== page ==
State and USDA Implement Programs to Help Dairy Farmers
Dennise Casey, (802) 828-3333
Friday, March 27, 2009
Governor Douglas announces availability of low interest loans for spring planting costs
USDA announces decision to utilize surplus nonfat dry milk for nutrition programs
Montpelier, Vt. – USDA Secretary Tom Vilsack today announced that approximately 200 million pounds of nonfat dry milk (NDM) will be transferred from the Commodity Credit Corporation (CCC) to USDA’s Food and Nutrition Service for use in domestic food programs. This will help support families who rely on food assistance programs as well as dairy farmers struggling with low prices and high feed costs.
“During these difficult economic times we need to use every tool we have to help those in need whether a family who needs food assistance or dairy farmers who are experiencing record low prices paid to them for their milk,” said Governor Douglas. “This move today by my former colleague, Secretary Vilsack, is an important step in supporting our rural communities and family farms.”
In February, Governor Douglas and Vermont Secretary of Agriculture Roger Allbee contacted Secretary Vilsack to strongly encourage him to take action to help balance the supply and demand issue of dairy products in the market and recommended that USDA to consider using some of this surplus for domestic nutrition programs.
“There are a number of factors contributing to the downturn in dairy prices and over supply is one of them. I’m pleased that Secretary Vilsack took this step to help balance supply and demand,” said Roger Allbee, Vermont Secretary of Agriculture. “The price swings in the dairy pricing system have become more exaggerated and are not good for anyone – the farmers, industry, communities and consumers all suffer from this volatility.”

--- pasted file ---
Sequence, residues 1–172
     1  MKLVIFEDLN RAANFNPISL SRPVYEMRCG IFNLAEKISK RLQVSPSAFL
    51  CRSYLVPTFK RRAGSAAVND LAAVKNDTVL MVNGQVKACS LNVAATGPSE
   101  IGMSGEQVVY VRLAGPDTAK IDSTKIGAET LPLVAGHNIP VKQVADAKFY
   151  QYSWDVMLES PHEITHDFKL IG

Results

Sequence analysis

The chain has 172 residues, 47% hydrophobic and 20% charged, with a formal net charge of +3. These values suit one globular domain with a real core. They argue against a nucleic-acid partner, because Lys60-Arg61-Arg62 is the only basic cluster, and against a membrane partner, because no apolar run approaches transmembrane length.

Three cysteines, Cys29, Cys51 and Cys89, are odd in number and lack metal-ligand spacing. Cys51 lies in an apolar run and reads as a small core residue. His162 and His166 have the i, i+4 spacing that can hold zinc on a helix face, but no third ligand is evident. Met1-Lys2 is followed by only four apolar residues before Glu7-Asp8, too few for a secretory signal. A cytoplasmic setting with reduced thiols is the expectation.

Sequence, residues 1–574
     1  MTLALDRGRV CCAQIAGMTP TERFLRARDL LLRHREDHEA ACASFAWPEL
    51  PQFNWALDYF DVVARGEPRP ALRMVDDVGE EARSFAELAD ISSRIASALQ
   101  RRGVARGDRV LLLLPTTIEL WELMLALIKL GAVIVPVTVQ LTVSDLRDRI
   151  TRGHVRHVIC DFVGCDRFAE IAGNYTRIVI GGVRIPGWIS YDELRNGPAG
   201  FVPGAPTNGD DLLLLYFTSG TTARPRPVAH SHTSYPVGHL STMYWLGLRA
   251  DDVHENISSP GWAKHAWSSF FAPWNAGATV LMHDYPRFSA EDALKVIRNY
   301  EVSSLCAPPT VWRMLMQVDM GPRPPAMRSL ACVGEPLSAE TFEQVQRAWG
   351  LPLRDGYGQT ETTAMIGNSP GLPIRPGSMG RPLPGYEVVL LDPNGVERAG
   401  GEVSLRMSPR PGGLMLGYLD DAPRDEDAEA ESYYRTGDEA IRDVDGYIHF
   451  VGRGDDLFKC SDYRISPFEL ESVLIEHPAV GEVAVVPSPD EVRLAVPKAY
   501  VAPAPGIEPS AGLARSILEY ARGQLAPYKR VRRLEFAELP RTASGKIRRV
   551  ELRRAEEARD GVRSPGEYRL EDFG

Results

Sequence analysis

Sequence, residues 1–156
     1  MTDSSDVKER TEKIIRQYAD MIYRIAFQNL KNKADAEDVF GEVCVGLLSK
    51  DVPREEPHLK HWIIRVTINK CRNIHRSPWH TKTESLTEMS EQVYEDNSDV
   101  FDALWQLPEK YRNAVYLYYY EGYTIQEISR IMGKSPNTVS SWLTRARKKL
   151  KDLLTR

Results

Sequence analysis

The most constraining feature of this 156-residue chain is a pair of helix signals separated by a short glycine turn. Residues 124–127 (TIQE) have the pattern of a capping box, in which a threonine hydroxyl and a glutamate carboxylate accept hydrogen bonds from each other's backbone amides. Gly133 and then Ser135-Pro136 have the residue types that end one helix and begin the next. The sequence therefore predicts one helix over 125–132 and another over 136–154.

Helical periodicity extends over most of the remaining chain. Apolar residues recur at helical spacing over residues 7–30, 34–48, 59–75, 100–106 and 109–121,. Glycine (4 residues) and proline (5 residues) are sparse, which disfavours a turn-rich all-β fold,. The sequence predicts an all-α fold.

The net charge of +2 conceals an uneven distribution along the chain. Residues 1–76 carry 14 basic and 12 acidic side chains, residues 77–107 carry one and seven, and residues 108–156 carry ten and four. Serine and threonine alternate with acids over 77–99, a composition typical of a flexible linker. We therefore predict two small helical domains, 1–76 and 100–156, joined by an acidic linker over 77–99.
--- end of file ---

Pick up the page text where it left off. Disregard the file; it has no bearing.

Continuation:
The Vermont Foodbank will benefit directly from this partnership between USDA and the nation’s dairy producers. “The product will flow to the Vermont Foodbank primarily through the Emergency Food Assistance Program (TEFAP) and some through the Commodity Supplemental Food Program (CSFP). While we don’t know the exact amounts we estimate that it be as much as 80 million pounds of additional dairy products for food banks across the nation,” commented Judy Stermer, Director of Communications and Public Affairs at the Vermont Foodbank.
Governor Douglas also announced this week a proposal to use $1.5 million of the State Fiscal Stabilization Funds (SFSF) provided through the federal stimulus package for low interest loans to farmers. Administered through the Vermont Agriculture Credit Corporation, this plan can leverage an estimated $8 million in Vermont Economic Development Authority (VEDA) financing to be used for such farm operating expenses as feed, fuel and fertilizer.
“This money will help Vermont farmers get their spring crops in the ground. I am committed to doing what I can to support agriculture in Vermont,” said Governor Douglas.
Additionally, at the request of Governor Douglas, Secretary Allbee has been working diligently with his counterparts in the Northeast and nationally, dairy farmers, industry leaders, cooperatives and Vermont’s Congressional Delegation to investigate ways to create a more stable pricing system for dairy.
“Last Friday Dairy Farmers Working Together (DFWT) coordinated a meeting with over 200 producers, industry leaders and dairy representatives from across the nation,” said Allbee. “I am encouraged that the industry is coming together to address this situation. It is going to take this sort of collaboration to bring about the change that is needed to support dairy farmers in this crisis and to come up with solutions to protect the future of the dairy industry in Vermont.”
Public Information Officer
Vermont Agency of Agriculture, Food & Markets
116 State Street • Montpelier, VT 05620 • www.vermontagriculture.com